Turning a desperately ill COVID-19 patient onto their stomach may seem simple enough to the uninitiated. It’s not.
In this case, at Quebec City’s Hôpital de l’Enfant-Jésus, it requires a total of seven people crowded around an intensive care bed.
We often hear about how demanding it is for hospital staff and long-term care workers to handle the added workload foisted upon them by the coronavirus pandemic. Here’s just one illustration.
After draping a sheet over the patient, the edges are rolled into the sheet underneath. A pair of pillows are now snug to his chest, and the rolling begins. First, the patient is slid to the edge of the bed. On three, he’s turned to his side. Another three-count, and he is softly delivered onto his stomach.
The room empties. Everyone has work to do.
The Quebec capital has seen a massive spike in coronavirus infections in recent weeks, and a trio of nurses say they’re worried by members of the public trivializing the illness.
To help convince people to take the coronavirus more seriously during the upcoming holidays, they opened their doors to Radio-Canada.
Their names are Cathy Deschênes, Jennifer Boissonnault and Lindsay Vongsawath-Chouinard. Their aim: to show what life in the hot zone looks like.
Each of them agreed to wear a small camera so the public could see how a typical day unfolds. They filmed their colleagues and their patients, and illustrated how the pandemic has made the job harder and more complex.
(scroll up to view the video)
Their point is not to elicit sympathy. As Deschênes says: “It’s difficult, but we love our jobs.”
Instead, they want to show the devastating path some COVID-19 patients are called upon to travel: patients who require more and more staff at their bedside, and need ever larger amounts of treatment time.
And each one of those treatments involves special planning and safety equipment. The ICU rooms have sliding doors, which makes it easier to maintain hot, warm and cold zones. And maintain them, they must.
Each shift has a nurse in charge of making sure the hygiene procedures are being followed and that personal protective equipment, like N95 masks and shields, is worn correctly.
“No one in our department has contaminated themselves (with the virus), we’ve had no outbreaks in intensive care and we’re very proud of that,” Boissonnault says, at one point.
The average age of the COVID-19 patient in the unit is between 60 and 75.
“Some might think that’s old. We don’t think so,” Boissonnault says.
The unit is not short of business.
Of the 610 COVID-19 patients the hospital has treated so far this year, 90 were in intensive care. And 144 people who entered the hospital with the disease never made it home.
To work in an intensive care unit is to accept that not every patient can be saved, but COVID-19 is rough even for a group of people who must become inured to tragedy.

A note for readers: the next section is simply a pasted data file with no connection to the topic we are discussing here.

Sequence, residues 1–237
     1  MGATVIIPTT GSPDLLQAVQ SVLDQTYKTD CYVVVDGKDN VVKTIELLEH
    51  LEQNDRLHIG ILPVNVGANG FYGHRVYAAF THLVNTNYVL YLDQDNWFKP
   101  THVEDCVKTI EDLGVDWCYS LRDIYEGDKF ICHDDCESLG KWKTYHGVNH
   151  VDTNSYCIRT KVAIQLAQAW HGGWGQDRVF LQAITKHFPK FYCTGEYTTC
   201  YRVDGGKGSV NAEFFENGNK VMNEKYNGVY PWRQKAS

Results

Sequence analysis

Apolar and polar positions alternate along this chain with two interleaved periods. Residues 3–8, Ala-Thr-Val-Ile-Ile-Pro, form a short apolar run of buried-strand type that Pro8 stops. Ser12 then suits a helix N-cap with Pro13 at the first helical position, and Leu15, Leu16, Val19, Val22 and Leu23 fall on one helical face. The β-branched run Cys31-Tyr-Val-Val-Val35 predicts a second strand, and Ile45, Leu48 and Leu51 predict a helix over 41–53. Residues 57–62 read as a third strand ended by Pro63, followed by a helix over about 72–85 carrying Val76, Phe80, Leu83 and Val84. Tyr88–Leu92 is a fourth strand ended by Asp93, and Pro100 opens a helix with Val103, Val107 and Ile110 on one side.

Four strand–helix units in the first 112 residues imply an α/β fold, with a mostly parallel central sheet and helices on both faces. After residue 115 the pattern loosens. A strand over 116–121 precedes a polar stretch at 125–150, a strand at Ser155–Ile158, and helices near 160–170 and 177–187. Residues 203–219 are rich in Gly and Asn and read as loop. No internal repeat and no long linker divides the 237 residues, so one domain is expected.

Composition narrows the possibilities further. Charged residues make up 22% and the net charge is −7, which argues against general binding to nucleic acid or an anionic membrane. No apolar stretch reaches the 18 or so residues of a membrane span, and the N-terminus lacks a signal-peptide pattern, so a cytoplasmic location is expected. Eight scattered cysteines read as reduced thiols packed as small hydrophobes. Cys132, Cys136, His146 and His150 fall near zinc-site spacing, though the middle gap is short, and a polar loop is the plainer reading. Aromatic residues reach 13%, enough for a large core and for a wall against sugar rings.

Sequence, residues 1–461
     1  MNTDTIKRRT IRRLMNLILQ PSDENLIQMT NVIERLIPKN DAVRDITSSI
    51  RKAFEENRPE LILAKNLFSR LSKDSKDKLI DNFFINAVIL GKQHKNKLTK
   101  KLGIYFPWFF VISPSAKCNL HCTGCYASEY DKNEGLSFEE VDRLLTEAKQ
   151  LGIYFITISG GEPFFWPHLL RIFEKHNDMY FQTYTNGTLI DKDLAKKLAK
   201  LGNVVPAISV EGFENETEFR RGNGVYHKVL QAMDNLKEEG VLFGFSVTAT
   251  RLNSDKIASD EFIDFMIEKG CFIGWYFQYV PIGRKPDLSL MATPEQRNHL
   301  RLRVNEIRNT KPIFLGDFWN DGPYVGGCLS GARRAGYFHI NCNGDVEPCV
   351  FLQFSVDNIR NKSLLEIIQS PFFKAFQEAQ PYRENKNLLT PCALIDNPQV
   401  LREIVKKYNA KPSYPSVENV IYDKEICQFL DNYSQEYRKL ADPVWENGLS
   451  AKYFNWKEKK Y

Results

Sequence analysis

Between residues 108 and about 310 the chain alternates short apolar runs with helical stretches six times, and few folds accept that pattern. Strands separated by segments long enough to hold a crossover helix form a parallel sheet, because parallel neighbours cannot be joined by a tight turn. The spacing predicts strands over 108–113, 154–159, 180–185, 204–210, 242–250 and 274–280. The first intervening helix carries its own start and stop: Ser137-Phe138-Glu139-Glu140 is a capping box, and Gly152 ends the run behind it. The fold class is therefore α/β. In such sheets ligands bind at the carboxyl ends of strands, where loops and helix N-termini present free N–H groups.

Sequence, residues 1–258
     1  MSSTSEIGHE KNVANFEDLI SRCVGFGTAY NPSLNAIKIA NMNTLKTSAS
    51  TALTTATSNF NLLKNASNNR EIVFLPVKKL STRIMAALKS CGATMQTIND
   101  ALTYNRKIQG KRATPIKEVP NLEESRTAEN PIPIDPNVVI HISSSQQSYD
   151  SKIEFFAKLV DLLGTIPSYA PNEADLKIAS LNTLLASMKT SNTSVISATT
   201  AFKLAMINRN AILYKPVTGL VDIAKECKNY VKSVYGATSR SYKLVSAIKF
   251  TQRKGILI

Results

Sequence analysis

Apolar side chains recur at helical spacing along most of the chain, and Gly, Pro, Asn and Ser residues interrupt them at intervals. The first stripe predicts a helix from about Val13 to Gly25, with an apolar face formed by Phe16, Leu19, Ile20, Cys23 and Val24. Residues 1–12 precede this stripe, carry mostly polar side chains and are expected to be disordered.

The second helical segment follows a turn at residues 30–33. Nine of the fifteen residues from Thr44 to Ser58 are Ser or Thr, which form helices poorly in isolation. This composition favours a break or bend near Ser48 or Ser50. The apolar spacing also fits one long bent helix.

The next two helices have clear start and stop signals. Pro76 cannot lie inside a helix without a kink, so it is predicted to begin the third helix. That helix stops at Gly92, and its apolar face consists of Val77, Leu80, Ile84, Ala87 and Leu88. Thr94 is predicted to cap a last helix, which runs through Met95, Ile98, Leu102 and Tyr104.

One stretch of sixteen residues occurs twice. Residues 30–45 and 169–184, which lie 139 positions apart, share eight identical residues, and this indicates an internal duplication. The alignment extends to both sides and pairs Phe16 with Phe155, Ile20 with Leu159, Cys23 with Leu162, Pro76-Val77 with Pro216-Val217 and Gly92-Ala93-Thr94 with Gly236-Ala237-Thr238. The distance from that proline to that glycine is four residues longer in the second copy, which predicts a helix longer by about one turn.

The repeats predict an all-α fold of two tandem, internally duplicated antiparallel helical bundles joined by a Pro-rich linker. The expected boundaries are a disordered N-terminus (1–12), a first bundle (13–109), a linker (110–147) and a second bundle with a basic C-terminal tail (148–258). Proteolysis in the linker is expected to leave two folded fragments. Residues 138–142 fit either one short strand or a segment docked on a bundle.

Public health restrictions mean it’s often not possible for patients’ relatives to be by their bedside, so when things take a turn for the worst, the only hand to hold usually belongs to a nurse, orderly, doctor or other staff member.
At one point, a family is forced to make the devastating decision to halt treatment on their intubated loved one. Two nurses each hold a hand as he is prepared for ‘comfort care’ — palliative measures.
“We’re with you sir,” says Boissonault, holding his left hand. “We’re taking care of you.”
The typical hospital stay for a COVID-19 patient lasts 17 days, but in the ICU sometimes it can stretch to 40 or beyond. Attachments form. When someone dies, there are often tears. There have been weeks when that happens four or five times in just one section of the unit.
People infected with this virus can sometimes take a sudden, catastrophic turn.
“To give comfort to a patient whose family can’t be there with them in their final moments, to be the ones who take their hands in ours during their final moments … it’s troubling,” says Vongsawath-Chouinard, her voice cracking.
So when there is good news, it is celebrated.
Recently, a patient from the Saguenay called Daniel Bouchard made enough progress to be released from the unit to a regular COVID-19 ward in the hospital.
It was his 65th birthday. He had been there eight days, some of them touch-and-go.
The nurses and medical staff got him a card and a small cake. He thanks them in a raspy voice and is overcome with emotion, weeping in his wheelchair as a nurse rubs his shoulders.
“Your tears say a lot,” Boissonnault says.
Safety measures oblige, the gathered staff had to sing Happy Birthday from the next room.
“Thanks so much, you’ve been an all-star team,” Bouchard says.
Minutes later, it is time to leave. Outside the room, scrub-wearing staff line the hall.
They applaud as he is wheeled out of view.